Go West Young Man!
"GoWest, young man," served as the mantra for the nineteenth century American migration. The gold rush of 1849 was the impetus for much of the migration of Americans and immigrants to California and theWest Coast. Indiana newspaper writer John Soule's 1851 advice would be popularized by Horace Greeley, and the trend of westward expansion accelerated from the Appalachian Mountains in the eighteenth century across the country to California. United States citizens as well as immigrants would migrate all the way to the Pacific Ocean by the mid-nineteenth century seeking a better life. From why people decided to move to how they would transform the places that they settled, western movement was a landmark phenomenon in American history.
From a business perspective, theWest has been the "gold mine" for NPES members for decades as the North American Market, Western Europe and Japan have constituted over 76% of the worldwide market for print. Today, the U.S. is still the largest print market by far at over $182 billion. Japan is still #2 with Germany and other European markets still in the top ten. From a regional perspective, North America and Western Europe constitute 62% of the worldwide market, so it is clear that they are still important and deserve serious attention by all NPES members.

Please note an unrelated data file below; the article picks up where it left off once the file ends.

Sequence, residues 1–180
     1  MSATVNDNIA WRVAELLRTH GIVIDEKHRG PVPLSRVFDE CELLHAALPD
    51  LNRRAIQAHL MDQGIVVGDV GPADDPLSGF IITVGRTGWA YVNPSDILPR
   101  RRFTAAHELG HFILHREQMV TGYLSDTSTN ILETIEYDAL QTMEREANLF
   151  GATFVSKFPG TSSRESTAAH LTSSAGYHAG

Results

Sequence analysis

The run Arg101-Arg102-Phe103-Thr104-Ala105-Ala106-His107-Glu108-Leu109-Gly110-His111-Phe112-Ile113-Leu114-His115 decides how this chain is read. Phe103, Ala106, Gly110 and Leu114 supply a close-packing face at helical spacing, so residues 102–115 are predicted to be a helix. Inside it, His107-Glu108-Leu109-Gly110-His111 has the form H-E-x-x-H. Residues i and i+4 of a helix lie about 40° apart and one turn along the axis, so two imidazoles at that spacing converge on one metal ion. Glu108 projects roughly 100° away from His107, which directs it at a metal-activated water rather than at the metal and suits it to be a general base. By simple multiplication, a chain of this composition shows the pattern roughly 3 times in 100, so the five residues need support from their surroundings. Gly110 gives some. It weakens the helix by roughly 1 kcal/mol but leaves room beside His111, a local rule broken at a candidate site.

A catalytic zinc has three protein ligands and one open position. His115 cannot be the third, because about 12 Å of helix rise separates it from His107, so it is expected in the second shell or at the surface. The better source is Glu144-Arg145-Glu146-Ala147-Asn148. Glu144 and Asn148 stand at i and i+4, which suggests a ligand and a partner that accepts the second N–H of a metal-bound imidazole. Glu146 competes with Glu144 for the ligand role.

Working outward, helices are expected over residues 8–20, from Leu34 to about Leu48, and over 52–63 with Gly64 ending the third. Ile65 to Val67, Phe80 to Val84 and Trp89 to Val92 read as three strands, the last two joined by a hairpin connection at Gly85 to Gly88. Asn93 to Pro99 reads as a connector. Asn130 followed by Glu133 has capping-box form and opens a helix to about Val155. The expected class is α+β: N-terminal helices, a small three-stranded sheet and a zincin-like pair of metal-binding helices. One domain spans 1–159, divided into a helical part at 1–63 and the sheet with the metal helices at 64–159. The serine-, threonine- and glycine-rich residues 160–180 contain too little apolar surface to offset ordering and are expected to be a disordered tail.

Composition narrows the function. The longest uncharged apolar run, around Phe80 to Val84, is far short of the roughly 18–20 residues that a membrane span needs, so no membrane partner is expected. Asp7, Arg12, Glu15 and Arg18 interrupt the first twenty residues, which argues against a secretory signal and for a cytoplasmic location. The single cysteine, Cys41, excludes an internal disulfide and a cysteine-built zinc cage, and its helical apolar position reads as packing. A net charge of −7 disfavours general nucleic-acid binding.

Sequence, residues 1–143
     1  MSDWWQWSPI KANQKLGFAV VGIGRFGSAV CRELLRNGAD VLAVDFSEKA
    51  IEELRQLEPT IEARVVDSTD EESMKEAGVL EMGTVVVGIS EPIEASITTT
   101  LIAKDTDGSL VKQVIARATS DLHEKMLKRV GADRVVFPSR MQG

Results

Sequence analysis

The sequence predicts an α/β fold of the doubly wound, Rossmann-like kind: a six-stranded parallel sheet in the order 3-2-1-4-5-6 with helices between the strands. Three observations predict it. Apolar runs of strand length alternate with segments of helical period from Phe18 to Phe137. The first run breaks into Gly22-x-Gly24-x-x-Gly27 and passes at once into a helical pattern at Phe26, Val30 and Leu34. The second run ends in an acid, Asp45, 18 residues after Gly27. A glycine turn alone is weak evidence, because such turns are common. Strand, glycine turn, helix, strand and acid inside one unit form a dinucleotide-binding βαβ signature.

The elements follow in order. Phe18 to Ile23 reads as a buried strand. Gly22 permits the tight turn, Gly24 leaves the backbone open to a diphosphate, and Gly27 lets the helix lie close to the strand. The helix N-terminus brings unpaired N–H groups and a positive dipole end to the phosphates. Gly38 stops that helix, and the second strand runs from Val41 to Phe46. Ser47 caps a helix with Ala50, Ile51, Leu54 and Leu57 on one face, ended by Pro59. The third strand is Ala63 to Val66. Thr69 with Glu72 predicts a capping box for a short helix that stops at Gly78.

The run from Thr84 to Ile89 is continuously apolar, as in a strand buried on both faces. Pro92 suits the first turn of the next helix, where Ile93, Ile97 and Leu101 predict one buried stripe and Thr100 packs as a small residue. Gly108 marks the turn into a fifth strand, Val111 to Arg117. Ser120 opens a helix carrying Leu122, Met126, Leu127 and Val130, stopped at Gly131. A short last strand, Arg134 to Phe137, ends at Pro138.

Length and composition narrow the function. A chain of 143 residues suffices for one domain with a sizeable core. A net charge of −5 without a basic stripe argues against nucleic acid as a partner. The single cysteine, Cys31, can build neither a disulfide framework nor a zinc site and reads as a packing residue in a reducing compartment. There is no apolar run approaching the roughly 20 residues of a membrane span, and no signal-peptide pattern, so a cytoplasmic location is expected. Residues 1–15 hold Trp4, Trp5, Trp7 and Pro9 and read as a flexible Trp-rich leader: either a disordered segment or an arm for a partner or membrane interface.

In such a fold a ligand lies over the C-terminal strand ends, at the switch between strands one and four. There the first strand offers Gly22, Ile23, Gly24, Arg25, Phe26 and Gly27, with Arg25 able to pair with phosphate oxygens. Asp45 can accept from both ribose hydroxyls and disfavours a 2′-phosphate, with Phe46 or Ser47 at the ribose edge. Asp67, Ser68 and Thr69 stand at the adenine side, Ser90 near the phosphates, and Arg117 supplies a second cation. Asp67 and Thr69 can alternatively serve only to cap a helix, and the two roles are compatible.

Much attention in the business press and here at NPES has focused on the BRIC countries (Brazil, Russia, India and China). Clearly, the fastest growing markets over the past decade have been India and China with Brazil and Russia not far behind. In fact, according to the PRIMIR/NPES "Worldwide Market for Print" study, China now ranks as the #3 market in the world and India is #12 and forecasted to grow to #8 by 2011.
NPES has a presence in all of these markets and we just passed our 10-year Anniversary of the NPES China office. So in some respects, we've been ahead of the curve in seeking out new markets for our members' products. Although these markets are still considered to be "developing," in many respects they are "developed"...especially when compared to other emerging markets.